Can Europe remain neutral and avoid an American-Chinese war?

European countries are currently divided over whether to join US President Joe Biden’s diplomatic boycott of the upcoming Winter Olympics in Beijing. The episode once again emphasizes that when it comes to dealing with China, Europe and the United States are truly an ocean of their own.

Beyond sharing core political values, the United States and Europe often employ similar rhetoric about China’s challenge to the international order. Nonetheless, most European governments fail to reconcile their interests with the vision of a US-led coalition of democracies standing up to global autocracies, and EU officials are reluctant to pursue a Chinese containment policy. , under the guise of competition.

While the European Union is keen to deepen transatlantic cooperation, there is no consensus on how to do so without alienating China or undermining the very international system it aims to defend. European governments are also not convinced of America’s reliability as a partner. Biden might appreciate the transatlantic relationship, but not his predecessor, Donald Trump. Who can say what the next US president – perhaps Trump himself – will represent? This doubt is a key motivation behind the EU’s efforts to operationalize its vision of “strategic autonomy”.

Certainly, there is a possibility of transatlantic collaboration on China. In fact, efforts to advance such cooperation are already underway, in the form of initiatives such as the US-EU China Dialogue and the US-EU Business and Technology Council. Joint action to counter China’s anti-competitive trade and business practices, export and investment restrictions in response to China’s human rights violations, and push for high standards for projects infrastructure abroad are to be welcomed.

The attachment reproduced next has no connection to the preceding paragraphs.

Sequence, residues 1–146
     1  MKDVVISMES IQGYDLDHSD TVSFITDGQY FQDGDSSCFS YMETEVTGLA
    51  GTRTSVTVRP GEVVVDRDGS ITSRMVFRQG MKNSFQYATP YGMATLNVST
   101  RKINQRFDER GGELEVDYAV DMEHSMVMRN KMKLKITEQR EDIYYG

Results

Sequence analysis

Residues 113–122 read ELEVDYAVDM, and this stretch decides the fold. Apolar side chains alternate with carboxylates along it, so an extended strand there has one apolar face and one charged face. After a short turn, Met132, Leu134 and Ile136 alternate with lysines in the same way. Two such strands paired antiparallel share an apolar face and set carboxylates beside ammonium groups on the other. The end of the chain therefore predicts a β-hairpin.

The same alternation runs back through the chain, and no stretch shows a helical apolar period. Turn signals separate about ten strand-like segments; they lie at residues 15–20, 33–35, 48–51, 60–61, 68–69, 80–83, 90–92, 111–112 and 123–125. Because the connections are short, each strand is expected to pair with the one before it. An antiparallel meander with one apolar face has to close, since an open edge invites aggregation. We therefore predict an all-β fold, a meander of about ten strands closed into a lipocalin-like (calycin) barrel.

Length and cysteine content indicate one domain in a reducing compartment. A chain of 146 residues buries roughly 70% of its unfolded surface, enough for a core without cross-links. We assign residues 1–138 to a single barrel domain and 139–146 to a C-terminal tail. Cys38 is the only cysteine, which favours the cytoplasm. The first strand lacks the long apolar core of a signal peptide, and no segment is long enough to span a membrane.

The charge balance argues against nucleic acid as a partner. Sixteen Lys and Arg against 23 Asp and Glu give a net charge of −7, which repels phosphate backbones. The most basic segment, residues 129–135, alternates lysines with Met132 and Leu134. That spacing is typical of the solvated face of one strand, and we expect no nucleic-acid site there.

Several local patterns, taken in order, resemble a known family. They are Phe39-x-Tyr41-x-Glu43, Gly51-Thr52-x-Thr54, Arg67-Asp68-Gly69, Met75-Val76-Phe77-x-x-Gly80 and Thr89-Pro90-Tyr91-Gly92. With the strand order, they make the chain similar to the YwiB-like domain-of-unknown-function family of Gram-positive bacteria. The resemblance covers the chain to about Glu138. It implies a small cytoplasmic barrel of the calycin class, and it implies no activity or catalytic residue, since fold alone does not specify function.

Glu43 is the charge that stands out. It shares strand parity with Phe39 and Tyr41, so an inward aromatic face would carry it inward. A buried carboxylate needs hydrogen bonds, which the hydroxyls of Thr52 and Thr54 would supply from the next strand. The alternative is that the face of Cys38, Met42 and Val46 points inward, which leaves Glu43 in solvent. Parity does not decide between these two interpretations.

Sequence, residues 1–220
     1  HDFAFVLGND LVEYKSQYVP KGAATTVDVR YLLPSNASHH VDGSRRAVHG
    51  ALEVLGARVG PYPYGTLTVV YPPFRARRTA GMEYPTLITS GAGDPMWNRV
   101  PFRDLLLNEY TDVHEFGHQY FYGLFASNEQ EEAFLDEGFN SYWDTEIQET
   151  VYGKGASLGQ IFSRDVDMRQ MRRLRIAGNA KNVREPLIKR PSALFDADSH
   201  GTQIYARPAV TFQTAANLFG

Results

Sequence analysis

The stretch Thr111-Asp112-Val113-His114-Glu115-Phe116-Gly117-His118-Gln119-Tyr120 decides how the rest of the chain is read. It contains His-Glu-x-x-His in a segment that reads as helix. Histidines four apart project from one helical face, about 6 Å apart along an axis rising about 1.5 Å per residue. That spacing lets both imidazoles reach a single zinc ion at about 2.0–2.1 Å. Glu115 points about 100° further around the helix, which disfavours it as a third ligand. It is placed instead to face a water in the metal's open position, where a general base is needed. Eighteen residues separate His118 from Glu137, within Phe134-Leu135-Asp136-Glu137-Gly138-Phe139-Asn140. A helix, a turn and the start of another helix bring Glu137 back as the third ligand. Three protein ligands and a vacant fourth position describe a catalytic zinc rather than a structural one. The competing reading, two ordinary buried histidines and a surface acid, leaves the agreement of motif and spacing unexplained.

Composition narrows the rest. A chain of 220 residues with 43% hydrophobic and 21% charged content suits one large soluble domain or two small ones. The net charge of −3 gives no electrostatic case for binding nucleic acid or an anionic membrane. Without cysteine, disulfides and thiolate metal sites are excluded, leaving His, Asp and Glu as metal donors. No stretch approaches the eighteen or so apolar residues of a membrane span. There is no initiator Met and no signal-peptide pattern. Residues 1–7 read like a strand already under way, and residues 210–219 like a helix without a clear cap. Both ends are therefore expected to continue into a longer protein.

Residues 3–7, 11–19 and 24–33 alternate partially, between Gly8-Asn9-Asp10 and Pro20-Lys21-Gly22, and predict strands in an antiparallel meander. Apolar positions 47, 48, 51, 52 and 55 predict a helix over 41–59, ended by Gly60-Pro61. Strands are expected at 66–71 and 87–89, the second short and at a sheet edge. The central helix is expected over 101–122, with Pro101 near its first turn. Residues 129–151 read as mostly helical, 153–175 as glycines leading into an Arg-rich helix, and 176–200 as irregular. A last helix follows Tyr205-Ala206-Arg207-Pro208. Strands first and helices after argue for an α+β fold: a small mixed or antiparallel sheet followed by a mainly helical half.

But the current US and EU agenda on China might be too ambitious. Clearer prioritization is needed to maximize the benefits of coordination. In addition, different legal systems and threat perceptions in the United States and Europe will painfully slow progress in key areas – such as carbon taxes, antitrust policy or responses to Chinese disinformation campaigns.

The prospects for meaningful military and security cooperation vis-à-vis China are particularly limited. While European countries have taken symbolic steps – for example, the German warship Bayern recently demonstrated the right of free passage in the South China Sea – they are reluctant to go much further.

This is even the case for France, the only European country with a significant military presence in the Indo-Pacific. As French Foreign Minister Jean-Yves Le Drian recently explained: “We do not underestimate the depth of competition with China, which can be fierce, and the need for constant risk assessment, but we try to avoid the militarization of our strategy to allow us to include – with respect for their sovereignty – all interested countries.

This reluctance to take a hard stance on China is bound to persist. While the new German government seems likely to take a somewhat firmer tone, Chancellor Olaf Scholz has adopted a cautious line, noting that all actions should be “carefully weighed” and stressing the need to seek a cooperative approach.